Terms of a planned merger between Fiat Chrysler (FCHA.MI) and Peugeot-owner PSA (PEUP.PA) are set in stone, FCA’s chairman said on Wednesday, brushing off talk that some aspects of the deal might be re-negotiated because of the COVID-19 crisis.
FCA and PSA have entered a binding agreement to create the world’s fourth largest carmaker that FCA’s chairman John Elkann confirmed was expected to close in the first quarter of next year.
But FCA has come in for criticism in Italy over a 5.5 billion euro ($6.03 billion) special dividend that is part of the PSA deal after its local business said it was in talks with Rome and Intesa Sanpaolo (ISP.MI) over a 6.3 billion euro state-backed loan to cope with the COVID-19 crisis.
The potential payment of such a big dividend to shareholders when the coronavirus crisis has left cash-starved manufacturers pushing for government support has been questioned within Italy’s ruling coalition.
But FCA Chairman Elkann said the terms of the merger agreement had not changed.
“The terms of the FCA-PSA deal are set in stone as binding contracts in their nature are,” Elkann said in conference call after the annual shareholder meeting of Exor (EXOR.MI), the Agnelli family holding company which controls FCA.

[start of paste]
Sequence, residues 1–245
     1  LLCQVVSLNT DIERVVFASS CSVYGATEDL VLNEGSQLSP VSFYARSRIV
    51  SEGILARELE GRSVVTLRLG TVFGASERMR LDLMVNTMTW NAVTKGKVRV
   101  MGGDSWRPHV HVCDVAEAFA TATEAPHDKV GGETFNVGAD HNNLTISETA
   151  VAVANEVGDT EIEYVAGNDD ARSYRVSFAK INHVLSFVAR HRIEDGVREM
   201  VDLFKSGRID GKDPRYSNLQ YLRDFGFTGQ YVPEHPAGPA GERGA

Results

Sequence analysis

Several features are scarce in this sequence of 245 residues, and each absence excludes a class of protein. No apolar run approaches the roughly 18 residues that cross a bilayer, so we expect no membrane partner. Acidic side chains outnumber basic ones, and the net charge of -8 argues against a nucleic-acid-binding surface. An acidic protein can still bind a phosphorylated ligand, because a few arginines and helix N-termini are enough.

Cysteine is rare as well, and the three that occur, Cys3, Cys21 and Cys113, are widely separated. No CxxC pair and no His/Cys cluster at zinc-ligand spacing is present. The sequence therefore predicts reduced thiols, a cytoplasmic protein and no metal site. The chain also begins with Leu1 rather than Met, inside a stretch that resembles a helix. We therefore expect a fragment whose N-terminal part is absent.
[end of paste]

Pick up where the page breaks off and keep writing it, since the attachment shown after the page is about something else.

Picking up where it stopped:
“It was a clear cash and equity agreement to reach a 50-50 merger deal between FCA shareholders and PSA shareholders,” Elkann said.
“Both parties in FCA-PSA deal are committed to get parity in the merger deal.”
Elkann is also chairman and CEO of Exor.
The dividend – to be paid by parent company Fiat Chrysler Automobiles NV in the Netherlands – is a central part of the overall value of the merger, but Italy could look into it, a senior government source has said.
“This is a loan which is really designed to help the automotive sector in Italy which we know is a very important part of the Italian economy,” Elkann said, referring to the state-backed loan.
Treasury undersecretary Pier Paolo Baretta on Wednesday said that Rome might consider extending a ban on dividend payments for companies accessing state guarantee from an existing deadline of December 31, 2020 to a 12-month period following the loan guarantee concession.
“That would be reasonable. Doing more may hit the companies’ value,” Baretta said.
This could potentially complicate FCA’s plans, as the special dividend payment is due just before the closing of the merger with PSA.
Some analysts suggested some of the merger’s terms – in particular the amount of the special dividend, which was agreed before the coronavirus outbreak – could be reviewed to take account of the current state of the stock market and the automotive market and to preserve cash at the automaker.
Elkann said the reasons for FCA-PSA merger were “stronger than ever” and that preparatory work for the 50-50 tie-up was proceeding “on time and as envisaged.”